Soldiers not only bear the weight of sacrificing their own lives ― as well as those they’re willing to kill ― they’re also forced to pay in other ways. According to Smedley Butler:

"Boys with a normal viewpoint were taken out of the fields and offices and factories and classrooms and put into the ranks. There they were remolded; they were made over; they were made to “about face,” to regard murder as the order of the day. They were put shoulder to shoulder and, through mass psychology, they were entirely changed. We used them for a couple of years and trained them to think nothing at all of killing or of being killed. […]

In the World War, we used propaganda to make the boys accept conscription. They were made to feel ashamed if they didn’t join the army.

So vicious was this war propaganda that even God was brought into it. With few exceptions our clergymen joined in the clamor to kill, kill, kill. To kill the Germans. God is on our side…it is His will that the Germans be killed."

Although life is the ultimate sacrifice we’re currently aware of, soldiers willing to die still hadn’t given enough. The powers that be demanded more. Hence, during World War I, assassins sent to perish in battle were forced to monetarily shoulder a considerable portion of the bloodshed. To quote Butler:

"Thus, having stuffed patriotism down their throats, it was decided to make them help pay for the war, too. So, we gave them the large salary of $30 a month. […]

Half of that wage (just a little more than a riveter in a shipyard or a laborer in a munitions factory safe at home made in a day) was promptly taken from him to support his dependents, so that they would not become a charge upon his community. Then we paid him what amounted to accident insurance ― something the employer pays for in an enlightened state ― and that cost him $6 a month. He had less than $9 a month left.

Then, the most crowning insolence of all ― he was virtually blackjacked into paying for his own ammunition, clothing, and food by being made to buy Liberty Bonds. Most soldiers got no money at all on pay days.

We made them buy Liberty Bonds at $100 and then we bought them back ― when they came back from the war and couldn’t find work ― at $84 and $86. And the soldiers bought about $2,000,000,000 worth of these bonds!"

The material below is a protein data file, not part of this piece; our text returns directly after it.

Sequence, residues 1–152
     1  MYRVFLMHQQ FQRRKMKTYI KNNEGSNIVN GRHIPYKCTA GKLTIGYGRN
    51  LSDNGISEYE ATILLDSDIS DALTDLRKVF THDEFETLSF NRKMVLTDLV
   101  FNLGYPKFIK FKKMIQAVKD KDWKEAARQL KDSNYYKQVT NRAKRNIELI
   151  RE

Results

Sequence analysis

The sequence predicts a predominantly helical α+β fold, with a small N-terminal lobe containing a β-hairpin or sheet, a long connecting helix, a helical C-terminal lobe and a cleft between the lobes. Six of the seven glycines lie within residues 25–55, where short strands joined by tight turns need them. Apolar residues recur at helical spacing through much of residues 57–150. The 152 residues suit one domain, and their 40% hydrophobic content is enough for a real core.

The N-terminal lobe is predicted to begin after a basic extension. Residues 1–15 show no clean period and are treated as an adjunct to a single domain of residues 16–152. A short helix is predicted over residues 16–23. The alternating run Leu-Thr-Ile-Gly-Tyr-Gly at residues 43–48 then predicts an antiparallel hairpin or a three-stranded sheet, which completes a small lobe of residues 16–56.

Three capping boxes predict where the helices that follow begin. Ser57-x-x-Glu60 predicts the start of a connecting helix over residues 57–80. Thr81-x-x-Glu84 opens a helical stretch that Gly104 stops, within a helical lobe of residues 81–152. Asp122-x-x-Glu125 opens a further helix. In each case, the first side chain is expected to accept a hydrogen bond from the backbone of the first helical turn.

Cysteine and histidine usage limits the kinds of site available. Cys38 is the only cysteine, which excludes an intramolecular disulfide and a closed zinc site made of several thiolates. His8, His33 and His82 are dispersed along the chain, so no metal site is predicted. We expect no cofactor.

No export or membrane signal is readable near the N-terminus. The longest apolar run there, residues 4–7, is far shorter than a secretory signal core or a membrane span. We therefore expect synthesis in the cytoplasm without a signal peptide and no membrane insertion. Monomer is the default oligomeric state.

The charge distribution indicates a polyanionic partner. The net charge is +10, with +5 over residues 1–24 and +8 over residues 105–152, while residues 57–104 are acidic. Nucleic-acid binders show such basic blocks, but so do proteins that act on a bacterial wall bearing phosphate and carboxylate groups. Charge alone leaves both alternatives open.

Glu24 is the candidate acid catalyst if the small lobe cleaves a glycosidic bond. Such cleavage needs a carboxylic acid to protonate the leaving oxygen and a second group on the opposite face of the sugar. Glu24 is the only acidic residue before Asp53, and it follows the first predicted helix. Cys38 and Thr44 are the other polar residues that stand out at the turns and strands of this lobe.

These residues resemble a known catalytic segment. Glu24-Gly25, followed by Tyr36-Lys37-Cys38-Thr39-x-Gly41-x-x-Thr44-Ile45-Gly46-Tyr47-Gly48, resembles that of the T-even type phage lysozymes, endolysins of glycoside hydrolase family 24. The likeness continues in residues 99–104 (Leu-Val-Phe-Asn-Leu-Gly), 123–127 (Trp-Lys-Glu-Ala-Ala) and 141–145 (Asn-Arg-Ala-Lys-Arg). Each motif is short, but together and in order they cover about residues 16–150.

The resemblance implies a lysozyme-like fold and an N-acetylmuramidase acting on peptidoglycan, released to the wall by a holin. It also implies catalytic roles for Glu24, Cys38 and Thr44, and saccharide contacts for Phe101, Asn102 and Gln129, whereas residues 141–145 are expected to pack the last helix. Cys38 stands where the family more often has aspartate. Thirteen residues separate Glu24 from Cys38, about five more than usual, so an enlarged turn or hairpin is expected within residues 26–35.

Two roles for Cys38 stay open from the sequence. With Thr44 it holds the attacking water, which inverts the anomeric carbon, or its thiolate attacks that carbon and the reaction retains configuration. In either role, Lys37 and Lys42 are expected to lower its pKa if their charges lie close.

If War is a Racket was mandatory reading for everyone entering the military, it’s highly plausible enlistment rates would drop to zero.

Unknown to most, soldiers weren’t always awarded medals. At one point, cash was their incentive, and they battled for bonuses. These compensated killers were often afforded large sums solely for enlisting.

It was after the Spanish-American War that commanders realized their troops ― akin to children ― adored adulation, as well as shiny things. Hence, medals were offered ― in lieu of pay ― and graced upon those who followed orders best, remaining most loyal to the noble cause of annihilating other humans.

In the words of Napoleon Bonaparte:

"All men are enamored of decorations…they positively hunger for them."

By endorsing the Napoleonic system, leaders could amass an army for less money. Troops were satisfied with pretty medallions, and the wealthy remained so, since they were able to retain far more cash.

“Thank you for your service.”

It was the most obsequious and stupid thing I’d heard, and yet everybody was saying it.

“Thank you for your service. Awk! Thank you for your service…”

Somehow people had transformed into talking parrots, repeating what they’d heard, without understanding what it meant.